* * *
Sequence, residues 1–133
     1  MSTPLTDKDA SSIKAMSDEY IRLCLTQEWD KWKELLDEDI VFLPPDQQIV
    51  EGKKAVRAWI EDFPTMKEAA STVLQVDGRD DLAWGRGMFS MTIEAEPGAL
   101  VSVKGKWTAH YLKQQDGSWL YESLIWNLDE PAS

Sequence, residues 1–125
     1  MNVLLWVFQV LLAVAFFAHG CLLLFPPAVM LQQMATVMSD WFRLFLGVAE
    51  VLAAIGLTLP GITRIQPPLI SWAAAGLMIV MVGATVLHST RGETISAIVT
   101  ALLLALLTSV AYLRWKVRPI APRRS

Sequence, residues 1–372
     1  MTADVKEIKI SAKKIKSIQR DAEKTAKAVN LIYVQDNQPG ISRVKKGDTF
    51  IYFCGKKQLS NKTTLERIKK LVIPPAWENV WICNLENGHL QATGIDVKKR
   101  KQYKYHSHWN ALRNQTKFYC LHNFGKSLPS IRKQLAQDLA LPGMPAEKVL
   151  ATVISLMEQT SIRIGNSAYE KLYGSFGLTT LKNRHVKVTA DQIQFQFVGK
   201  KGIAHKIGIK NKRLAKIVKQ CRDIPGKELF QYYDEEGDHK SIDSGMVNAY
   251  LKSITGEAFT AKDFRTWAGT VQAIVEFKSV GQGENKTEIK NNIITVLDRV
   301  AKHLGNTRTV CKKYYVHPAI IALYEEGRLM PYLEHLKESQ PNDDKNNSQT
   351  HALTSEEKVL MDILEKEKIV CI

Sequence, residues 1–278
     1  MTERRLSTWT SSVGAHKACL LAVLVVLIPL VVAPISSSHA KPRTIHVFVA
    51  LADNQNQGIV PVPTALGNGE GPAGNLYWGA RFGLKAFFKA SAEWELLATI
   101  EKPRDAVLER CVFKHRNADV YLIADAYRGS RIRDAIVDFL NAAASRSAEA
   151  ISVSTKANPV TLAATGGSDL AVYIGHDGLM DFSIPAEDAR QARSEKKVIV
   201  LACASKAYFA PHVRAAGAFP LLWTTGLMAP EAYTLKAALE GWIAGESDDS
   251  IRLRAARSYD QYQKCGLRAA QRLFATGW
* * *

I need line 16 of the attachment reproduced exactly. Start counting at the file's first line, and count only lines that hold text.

   301  AKHLGNTRTV CKKYYVHPAI IALYEEGRLM PYLEHLKESQ PNDDKNNSQT